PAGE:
[HEADSUP] Atlas changed libraries

Kevin Kofler kevin.kofler at chello.at
Fri Sep 27 12:42:09 UTC 2013

Susi Lehtola wrote:
> Multicore CPUs are nowadays the norm, and packages should really use
> libraries that support this approach. Thus your argument is obsolete.
> The parallel libraries are not interchangeable.

I'd rather have an optimized serial implementation than being stuck with the 
unoptimized serial reference implementation.

There are many packages in Fedora that need some linear algebra and thus 
link BLAS or LAPACK. Not all of them are designed by people trying to 
squeeze every last millisecond out of their code. Most of them just expect 
to use -llapack and get a sensible implementation!

For all I care, you can ship the parallel build as libtatlas.so (if it 
really does cause compatibility issues), just don't expect other packages to 
actually use it then.

> Currently your argument is rather theoretical.

My argument is very practical. We have many packages that BR lapack-devel 
and expect to end up with a fast ATLAS implementation if the user installs 
it (the one most appropriate for his/her CPU). The change which started this 
thread breaks this.

> If you really feel strongly about this, then prepare a packaging guideline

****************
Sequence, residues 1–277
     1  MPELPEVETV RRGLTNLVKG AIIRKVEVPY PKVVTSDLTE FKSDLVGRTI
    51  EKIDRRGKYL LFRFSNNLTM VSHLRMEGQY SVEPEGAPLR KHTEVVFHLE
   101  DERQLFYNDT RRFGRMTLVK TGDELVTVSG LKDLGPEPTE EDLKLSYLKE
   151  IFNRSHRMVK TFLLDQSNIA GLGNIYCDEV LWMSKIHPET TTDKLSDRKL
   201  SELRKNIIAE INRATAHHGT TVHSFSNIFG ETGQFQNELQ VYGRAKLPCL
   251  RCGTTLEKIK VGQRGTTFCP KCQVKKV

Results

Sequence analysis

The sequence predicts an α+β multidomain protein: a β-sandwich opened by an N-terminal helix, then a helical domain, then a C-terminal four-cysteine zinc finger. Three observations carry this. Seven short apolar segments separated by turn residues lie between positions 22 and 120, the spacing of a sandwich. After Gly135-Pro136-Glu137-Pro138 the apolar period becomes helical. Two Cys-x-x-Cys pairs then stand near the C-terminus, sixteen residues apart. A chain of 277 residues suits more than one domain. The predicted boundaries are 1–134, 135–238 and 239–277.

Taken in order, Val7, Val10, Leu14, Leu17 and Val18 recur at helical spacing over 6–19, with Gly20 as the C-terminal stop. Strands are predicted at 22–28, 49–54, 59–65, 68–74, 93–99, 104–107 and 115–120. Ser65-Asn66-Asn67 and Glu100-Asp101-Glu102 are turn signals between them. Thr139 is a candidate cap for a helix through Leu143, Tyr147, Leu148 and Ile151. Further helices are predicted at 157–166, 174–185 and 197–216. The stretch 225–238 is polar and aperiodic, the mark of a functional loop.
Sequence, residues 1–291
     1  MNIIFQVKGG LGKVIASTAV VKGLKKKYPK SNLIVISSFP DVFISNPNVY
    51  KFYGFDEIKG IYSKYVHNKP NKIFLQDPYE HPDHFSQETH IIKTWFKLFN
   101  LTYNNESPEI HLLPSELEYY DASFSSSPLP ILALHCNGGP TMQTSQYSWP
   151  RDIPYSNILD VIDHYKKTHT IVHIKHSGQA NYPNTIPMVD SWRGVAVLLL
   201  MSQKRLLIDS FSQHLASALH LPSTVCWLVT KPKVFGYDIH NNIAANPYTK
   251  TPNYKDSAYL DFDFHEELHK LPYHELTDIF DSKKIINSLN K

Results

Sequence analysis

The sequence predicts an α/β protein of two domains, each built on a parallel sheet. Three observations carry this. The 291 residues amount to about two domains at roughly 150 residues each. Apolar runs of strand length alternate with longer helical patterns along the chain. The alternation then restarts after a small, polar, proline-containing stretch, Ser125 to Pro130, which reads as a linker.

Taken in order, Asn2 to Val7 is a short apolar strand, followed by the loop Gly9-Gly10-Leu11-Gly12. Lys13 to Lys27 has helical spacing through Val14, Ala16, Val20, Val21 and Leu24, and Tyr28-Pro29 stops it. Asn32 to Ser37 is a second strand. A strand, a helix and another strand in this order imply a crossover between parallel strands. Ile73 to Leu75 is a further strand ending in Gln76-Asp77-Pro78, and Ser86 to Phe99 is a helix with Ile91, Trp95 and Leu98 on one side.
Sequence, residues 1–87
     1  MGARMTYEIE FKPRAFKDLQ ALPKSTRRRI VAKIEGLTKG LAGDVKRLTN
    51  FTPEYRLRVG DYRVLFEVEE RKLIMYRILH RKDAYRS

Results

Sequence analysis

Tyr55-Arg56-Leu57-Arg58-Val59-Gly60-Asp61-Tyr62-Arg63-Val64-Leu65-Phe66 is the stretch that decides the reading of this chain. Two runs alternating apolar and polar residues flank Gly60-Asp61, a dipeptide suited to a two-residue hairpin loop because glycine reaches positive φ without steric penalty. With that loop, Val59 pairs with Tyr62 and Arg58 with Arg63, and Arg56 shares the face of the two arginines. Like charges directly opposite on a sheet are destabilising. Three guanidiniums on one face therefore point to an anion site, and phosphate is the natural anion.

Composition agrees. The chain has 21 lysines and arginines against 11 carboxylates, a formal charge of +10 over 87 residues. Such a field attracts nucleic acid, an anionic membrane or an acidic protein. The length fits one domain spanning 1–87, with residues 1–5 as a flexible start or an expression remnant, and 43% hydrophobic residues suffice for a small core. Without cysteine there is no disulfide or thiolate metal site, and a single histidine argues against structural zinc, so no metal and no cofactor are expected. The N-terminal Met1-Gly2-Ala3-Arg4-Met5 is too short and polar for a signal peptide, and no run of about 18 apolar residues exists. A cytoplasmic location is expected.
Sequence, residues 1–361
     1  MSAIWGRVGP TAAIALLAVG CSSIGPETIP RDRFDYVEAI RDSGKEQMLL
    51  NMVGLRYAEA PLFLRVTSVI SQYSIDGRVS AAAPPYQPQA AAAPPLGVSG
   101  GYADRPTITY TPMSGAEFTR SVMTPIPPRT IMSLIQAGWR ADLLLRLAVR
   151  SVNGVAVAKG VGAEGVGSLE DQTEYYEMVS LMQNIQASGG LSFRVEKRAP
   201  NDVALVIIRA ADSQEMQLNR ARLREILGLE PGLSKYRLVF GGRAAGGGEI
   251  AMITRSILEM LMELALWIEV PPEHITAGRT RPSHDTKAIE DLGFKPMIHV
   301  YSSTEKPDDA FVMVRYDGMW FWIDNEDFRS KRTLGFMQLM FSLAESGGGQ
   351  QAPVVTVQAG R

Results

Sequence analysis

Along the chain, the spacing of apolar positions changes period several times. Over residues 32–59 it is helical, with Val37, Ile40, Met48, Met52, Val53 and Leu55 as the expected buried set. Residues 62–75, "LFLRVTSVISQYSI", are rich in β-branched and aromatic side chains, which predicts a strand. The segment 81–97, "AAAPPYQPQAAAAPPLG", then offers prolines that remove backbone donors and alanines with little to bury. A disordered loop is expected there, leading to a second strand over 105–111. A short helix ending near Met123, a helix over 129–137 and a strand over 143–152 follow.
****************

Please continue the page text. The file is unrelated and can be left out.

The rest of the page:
> along the lines of the MPI guidelines, where there is a analogous
> situation with regard to multiple implementations of the MPI standard.

The existing ATLAS setup (before the change) just worked!

Sam Halliday wrote the following comment in the OpenBLAS thread:
| @susilehtola with separate dynamic libraries for BLAS/LAPACK, users can
| still code against a specific implementation if they want to: those vendor
| specific libs are still there. However, what you're doing is cutting off
| decades of binary compatibility and simply removing yourself from being an
| option for existing binaries... who may have no specific memory or thread
| model requirements.
| I still don't see why different threading models can cause such a problem.
| So long as the array pointers are pointers into the heap (and not into
| some other memory model, like in GPUs), there should be no stability
| problems, and threading models are simply a machine/user decision. If that
| runs suboptimally, then boo hoo for the sysadmin. If memory location is
| really a big issue, then standard BLAS / LAPACK are probably not the best
| options anyway.
| In any case, I have no personal plans to use OpenBLAS. But please know
| that by doing this you are essentially forcing a lot of end-users away
| from your library, simply because you're now positioning yourself as a
| vendor-specific implementation of BLAS/LAPACK. I recommend that you change
| all the symbol names to reflect this (which is farcical, I know... but
| there really is no point in implementing BLAS/LAPACK if users can't switch
| to you at runtime).
and I have to say I agree with him. The change to ATLAS packaging discussed 
in this thread is NOT acceptable and should be reverted immediately, and 
OpenBLAS should also be packaged as libblas.so.3 and liblapack.so.3. Having 
libraries which would be binary-compatible, but use different library names, 
is very broken.

        Kevin Kofler

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